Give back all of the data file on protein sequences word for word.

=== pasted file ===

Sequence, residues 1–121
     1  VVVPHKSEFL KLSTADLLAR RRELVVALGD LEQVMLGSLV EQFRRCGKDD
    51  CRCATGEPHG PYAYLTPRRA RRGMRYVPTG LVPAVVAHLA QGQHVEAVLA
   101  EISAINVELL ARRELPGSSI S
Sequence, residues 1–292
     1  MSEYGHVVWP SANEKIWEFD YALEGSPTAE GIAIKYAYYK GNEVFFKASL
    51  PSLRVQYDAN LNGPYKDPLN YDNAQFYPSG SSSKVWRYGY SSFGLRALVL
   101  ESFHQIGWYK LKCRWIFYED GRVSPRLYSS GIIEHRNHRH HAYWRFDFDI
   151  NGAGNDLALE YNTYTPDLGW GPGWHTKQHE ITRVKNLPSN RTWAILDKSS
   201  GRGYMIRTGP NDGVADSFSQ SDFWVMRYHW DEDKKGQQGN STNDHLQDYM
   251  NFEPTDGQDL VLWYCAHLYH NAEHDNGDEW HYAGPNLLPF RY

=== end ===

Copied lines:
Sequence, residues 1–121
     1  VVVPHKSEFL KLSTADLLAR RRELVVALGD LEQVMLGSLV EQFRRCGKDD
    51  CRCATGEPHG PYAYLTPRRA RRGMRYVPTG LVPAVVAHLA QGQHVEAVLA
   101  EISAINVELL ARRELPGSSI S
Sequence, residues 1–292
     1  MSEYGHVVWP SANEKIWEFD YALEGSPTAE GIAIKYAYYK GNEVFFKASL
    51  PSLRVQYDAN LNGPYKDPLN YDNAQFYPSG SSSKVWRYGY SSFGLRALVL
   101  ESFHQIGWYK LKCRWIFYED GRVSPRLYSS GIIEHRNHRH HAYWRFDFDI
   151  NGAGNDLALE YNTYTPDLGW GPGWHTKQHE ITRVKNLPSN RTWAILDKSS
   201  GRGYMIRTGP NDGVADSFSQ SDFWVMRYHW DEDKKGQQGN STNDHLQDYM
   251  NFEPTDGQDL VLWYCAHLYH NAEHDNGDEW HYAGPNLLPF RY